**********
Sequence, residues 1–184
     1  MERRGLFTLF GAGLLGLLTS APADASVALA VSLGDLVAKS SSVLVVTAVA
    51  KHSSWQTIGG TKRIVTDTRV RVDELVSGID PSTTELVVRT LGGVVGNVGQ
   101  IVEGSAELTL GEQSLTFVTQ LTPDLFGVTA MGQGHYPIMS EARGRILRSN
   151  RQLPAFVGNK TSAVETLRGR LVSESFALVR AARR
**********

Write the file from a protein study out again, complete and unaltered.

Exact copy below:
Sequence, residues 1–184
     1  MERRGLFTLF GAGLLGLLTS APADASVALA VSLGDLVAKS SSVLVVTAVA
    51  KHSSWQTIGG TKRIVTDTRV RVDELVSGID PSTTELVVRT LGGVVGNVGQ
   101  IVEGSAELTL GEQSLTFVTQ LTPDLFGVTA MGQGHYPIMS EARGRILRSN
   151  RQLPAFVGNK TSAVETLRGR LVSESFALVR AARR